Members of the Maryland House of Delegates sit at their desks on the first day of the 2013 legislative session in Annapolis, Md., Wednesday, Jan. 9, 2013. (Patrick Semansky/AP)

This time, locking out reporters appeared to be an honest mistake.

Maryland’s House of Delegates unanimously approved two pieces of legislation on Thursday, as reporters and members of the public were locked outside the chamber.

The bills — one making aiming a laser pointer at an aircraft a misdemeanor, and another classifying abuse or neglect of a vulnerable adult as Medicaid fraud — likely wouldn’t have drawn headlines had the public been allowed to watch.

But that was not the case with reporters outside tweeting pictures of the chamber’s locked door and lines about it being a bad day for democracy.

Aides to House Speaker Michael E. Busch said the snafu appeared to be the result of a clerks’ attempt to multitask while not knowing the chamber was still locked for a lawmakers class picture.

It was unfortunate timing for Busch (D-Anne Arundel) who has come under fire from open government groups and some fellow lawmakers for choosing to hold a series of private hearings on gun-control.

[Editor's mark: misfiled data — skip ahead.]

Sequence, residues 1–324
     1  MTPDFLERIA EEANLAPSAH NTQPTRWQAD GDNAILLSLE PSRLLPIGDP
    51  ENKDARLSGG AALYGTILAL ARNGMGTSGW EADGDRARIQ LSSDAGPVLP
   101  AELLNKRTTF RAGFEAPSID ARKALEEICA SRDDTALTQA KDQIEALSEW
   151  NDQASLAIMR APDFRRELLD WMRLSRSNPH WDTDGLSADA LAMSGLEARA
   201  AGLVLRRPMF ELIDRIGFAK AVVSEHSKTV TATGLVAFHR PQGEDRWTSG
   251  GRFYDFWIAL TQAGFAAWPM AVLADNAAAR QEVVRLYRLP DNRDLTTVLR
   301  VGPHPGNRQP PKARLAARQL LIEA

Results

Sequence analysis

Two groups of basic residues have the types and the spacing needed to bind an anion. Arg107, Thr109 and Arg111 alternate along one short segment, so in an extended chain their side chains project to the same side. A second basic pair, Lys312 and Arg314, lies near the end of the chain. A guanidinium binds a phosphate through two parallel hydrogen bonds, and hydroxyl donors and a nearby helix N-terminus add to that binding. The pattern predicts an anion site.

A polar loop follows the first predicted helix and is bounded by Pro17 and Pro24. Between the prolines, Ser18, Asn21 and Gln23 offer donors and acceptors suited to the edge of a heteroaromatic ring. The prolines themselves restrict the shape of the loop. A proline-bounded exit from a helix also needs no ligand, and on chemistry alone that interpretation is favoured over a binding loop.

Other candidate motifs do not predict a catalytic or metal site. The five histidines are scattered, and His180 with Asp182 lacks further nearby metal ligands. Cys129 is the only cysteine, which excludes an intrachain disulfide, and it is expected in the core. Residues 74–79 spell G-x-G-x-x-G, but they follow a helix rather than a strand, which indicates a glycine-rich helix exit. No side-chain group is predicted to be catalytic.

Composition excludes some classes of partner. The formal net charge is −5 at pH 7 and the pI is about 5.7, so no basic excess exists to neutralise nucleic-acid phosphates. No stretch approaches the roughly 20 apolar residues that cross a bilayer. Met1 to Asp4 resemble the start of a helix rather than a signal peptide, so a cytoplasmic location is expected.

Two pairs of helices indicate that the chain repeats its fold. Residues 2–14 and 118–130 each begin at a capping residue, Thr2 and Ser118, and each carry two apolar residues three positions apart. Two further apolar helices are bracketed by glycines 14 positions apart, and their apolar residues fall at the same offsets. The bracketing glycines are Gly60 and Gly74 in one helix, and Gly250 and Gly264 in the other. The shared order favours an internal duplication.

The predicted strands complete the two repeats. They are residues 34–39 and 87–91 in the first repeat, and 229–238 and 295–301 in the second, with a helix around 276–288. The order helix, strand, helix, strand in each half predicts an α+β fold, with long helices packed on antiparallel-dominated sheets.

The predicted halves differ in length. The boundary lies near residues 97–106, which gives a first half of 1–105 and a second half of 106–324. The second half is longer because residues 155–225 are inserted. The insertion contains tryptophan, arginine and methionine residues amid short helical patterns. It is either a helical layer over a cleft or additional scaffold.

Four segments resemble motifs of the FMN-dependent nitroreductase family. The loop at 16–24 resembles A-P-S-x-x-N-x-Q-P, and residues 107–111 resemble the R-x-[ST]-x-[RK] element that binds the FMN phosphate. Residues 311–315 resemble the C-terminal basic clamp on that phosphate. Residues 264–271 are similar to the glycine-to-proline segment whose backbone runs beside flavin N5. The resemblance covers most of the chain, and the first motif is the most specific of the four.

In contrast to a public hearing in the state Senate that drew 1,000 people last week, Busch and 16 lawmakers key to the legislation’s fate in the House have been meeting daily in a conference room off limits to the public. The chamber does not hold it’s first public hearing on Gov. Martin O’Malley’s (D) proposed gun-control legislation until March 1.

Alexandra M. Hughes, Busch’s deputy chief of staff, said neither the Speaker nor the clerks who began calling the bills realized the doors were still locked.

“It was an oversight on our part,” Hughes said. “The public and fourth estate should always have access to the proceedings on the floor of the House of Delegates.”

Reporters had been told to wait in the House lounge during the set-up for a panoramic photo shoot. They could still hear the vote taking place over an internal public address system, but some members of the public denied access to the visitors’ gallery had little knowledge of the vote.